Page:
a different kind of heaven
We drove out to the country yesterday to meet the farmer who is interested in adopting Bubba. On the way there I gave Bubba a pep-talk that could have been an outtake from Best in Show. Things have been feeling so heavy this week, and I was nervous about how this meeting would go. As soon as we pulled in and the farmer walked up to the car, Bubba launched into a protective barking frenzy… unsurprising to me and fortunately the farmer was not phased by it, a good first sign. Once they met, Bubba was very gentle and relaxed around him and everyone else at the farm. We stood around the driveway and talked for a long time, then took Bubba for a swim in the farm pond. The farmer laughed at Bubba’s comical splashing and running around the shore. Bubba was having a ball and didn’t try to run away while he was off leash.
After a while I took Bubba for a long walk around the property, which is an enormous 250 acre dairy farm. There are a few big barns, and fields and pasture as far as you can see. I walked him on-leash around one of the lower fields, through the woods, and back out into the main fields where I let him run free. He exhausted himself within a few minutes and was happy to trot along with me. His energy at the farm was relaxed… for a dog who is usually very stressed by new situations, this was so good to see. We walked around and through the dairy barns a few times and he did much better than I expected him to around the cows. He was unsure about them but didn’t show any aggression, and I think once he has a little direction and time to get used to them, he’ll just leave them alone. He’s learned to do this very well with our cat Elvis, who can be more frightening than a cow if you ask me.
The farmer’s last dog, a lab, died of old age in July. His collar and tags were lovingly hung above the entry to a dog house in the dirt driveway. He is a kind old-timer who lives alone and is looking for a new dog to keep him company. He spends the quiet midday hours between milkings taking care of different projects on the farm. While I was there he mostly hung around the driveway shooting the breeze with a couple other old-timers who stopped in for this or that reason. They all greeted Bubba with a friendly pat on the head. Several commented on how much the farmer loved his old dog and how lucky Bubba would be to come stay there with him. The farmer was happy to see a young dog with so much energy, “Been a long time since I didn’t have to lift my dog up into the truck.” He liked Bubba’s size, because as he said, he’s not too big to sit up front on a snowmobile. These are the kind of adventures I want for Bubba.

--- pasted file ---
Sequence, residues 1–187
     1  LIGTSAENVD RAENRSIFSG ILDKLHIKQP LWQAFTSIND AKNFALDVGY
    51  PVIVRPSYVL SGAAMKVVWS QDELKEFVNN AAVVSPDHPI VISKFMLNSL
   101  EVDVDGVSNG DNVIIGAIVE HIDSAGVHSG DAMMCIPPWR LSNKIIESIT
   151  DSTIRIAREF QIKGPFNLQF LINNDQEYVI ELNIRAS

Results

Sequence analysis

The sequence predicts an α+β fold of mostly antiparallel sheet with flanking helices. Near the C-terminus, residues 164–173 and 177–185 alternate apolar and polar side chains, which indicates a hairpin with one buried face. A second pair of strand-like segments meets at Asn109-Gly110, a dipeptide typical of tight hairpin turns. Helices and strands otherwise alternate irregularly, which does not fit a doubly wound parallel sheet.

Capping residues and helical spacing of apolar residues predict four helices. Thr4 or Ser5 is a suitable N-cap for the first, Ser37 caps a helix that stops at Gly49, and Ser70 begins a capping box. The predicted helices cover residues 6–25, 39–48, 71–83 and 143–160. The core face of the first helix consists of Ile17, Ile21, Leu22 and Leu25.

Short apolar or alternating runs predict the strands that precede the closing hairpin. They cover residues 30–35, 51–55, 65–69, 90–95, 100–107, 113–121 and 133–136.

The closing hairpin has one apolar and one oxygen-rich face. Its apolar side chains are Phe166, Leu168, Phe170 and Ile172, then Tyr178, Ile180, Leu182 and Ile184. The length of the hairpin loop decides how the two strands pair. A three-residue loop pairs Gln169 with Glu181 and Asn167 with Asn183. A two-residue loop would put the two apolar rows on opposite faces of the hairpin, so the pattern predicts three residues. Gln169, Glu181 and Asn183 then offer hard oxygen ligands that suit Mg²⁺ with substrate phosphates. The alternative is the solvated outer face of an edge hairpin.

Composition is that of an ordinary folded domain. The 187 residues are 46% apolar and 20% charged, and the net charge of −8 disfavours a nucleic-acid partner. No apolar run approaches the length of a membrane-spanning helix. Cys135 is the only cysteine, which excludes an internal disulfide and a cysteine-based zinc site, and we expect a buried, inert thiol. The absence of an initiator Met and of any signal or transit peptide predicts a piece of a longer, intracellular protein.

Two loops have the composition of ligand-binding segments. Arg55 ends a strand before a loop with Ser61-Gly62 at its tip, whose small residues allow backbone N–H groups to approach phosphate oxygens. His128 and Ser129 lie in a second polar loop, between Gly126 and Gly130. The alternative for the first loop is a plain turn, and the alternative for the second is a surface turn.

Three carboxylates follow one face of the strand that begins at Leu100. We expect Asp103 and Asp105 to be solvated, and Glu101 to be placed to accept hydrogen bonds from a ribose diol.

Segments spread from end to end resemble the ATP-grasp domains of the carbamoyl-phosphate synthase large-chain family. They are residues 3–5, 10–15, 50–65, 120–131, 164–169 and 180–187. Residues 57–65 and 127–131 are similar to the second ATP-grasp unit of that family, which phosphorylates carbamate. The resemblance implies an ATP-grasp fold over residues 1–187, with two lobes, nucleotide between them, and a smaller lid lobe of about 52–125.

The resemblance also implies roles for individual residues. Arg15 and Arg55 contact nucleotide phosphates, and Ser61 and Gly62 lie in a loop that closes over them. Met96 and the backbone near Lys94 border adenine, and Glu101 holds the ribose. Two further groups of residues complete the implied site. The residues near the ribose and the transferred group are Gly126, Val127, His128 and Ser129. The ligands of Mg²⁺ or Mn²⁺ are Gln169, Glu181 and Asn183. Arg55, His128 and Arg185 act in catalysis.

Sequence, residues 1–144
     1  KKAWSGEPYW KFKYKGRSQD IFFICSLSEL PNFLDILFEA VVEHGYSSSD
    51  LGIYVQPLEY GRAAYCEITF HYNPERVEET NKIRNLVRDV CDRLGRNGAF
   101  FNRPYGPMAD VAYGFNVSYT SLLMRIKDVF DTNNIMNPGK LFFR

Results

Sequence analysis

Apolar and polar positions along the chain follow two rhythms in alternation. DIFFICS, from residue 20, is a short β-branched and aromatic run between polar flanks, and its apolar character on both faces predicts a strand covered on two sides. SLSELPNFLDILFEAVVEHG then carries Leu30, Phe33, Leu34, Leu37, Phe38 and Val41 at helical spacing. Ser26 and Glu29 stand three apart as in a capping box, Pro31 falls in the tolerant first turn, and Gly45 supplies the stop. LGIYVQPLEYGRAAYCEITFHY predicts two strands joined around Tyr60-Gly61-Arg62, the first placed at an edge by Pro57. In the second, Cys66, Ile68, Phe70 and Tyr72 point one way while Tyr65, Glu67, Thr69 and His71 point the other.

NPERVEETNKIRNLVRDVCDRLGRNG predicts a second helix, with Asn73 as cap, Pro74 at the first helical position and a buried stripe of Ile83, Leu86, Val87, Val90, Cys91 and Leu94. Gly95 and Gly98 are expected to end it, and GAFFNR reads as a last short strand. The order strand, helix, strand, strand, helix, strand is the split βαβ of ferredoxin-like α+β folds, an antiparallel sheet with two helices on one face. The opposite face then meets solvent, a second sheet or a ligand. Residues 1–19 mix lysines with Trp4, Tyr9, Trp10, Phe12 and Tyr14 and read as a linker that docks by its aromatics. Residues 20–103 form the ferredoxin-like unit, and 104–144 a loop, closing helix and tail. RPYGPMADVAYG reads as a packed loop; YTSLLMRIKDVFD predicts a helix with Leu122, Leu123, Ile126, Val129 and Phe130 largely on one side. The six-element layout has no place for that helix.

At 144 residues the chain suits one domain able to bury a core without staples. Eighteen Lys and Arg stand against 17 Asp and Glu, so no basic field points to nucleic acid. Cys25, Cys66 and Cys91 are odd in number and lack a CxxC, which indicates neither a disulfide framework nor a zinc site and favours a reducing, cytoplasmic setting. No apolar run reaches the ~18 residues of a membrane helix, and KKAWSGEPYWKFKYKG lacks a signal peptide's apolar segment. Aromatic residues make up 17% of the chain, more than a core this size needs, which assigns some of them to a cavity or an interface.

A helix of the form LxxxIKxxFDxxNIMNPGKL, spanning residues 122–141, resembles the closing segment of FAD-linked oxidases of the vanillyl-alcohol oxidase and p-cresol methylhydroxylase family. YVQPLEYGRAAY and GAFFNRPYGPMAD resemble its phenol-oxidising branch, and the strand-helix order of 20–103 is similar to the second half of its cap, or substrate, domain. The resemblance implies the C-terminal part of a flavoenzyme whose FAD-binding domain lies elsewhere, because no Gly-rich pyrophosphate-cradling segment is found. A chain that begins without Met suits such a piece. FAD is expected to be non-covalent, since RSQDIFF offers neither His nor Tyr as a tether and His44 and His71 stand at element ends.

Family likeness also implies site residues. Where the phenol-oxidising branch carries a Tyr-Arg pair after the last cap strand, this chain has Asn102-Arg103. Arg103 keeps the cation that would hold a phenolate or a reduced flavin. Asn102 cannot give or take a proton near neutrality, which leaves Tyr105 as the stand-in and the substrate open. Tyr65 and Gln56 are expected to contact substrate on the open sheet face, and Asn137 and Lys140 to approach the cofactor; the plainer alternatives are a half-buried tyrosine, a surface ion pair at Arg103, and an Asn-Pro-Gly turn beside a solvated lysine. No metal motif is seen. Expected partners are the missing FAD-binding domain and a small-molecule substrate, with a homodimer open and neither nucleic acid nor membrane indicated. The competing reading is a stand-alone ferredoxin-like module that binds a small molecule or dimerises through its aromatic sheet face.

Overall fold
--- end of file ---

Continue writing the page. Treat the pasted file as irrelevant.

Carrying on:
It’s easy to picture him living there. My concerns are that he’ll need to be watched closely and taught about not roaming too far when he’s off-leash, and that the transition might be really stressful for him and he could revert back to some bad behaviors. But this guy has a lifetime of experience raising dogs, and I think they’ll figure it all out together. We’ll be bringing him back in a few days to give it a try. If it doesn’t work, we’ll take him back and figure out where to go from there. But I am very hopeful. I was expecting to bring Bubba to the vet on Thursday to be euthanized. Yesterday afternoon I got to cancel that appointment. Now, he will be going in to have his vaccinations updated before moving to his new home in the country. It will still be incredibly hard to say goodbye, but the relief of knowing he’s getting a chance for a much happier life makes that loss easier to accept. As a friend said, “its like he’s going to a different kind of heaven.”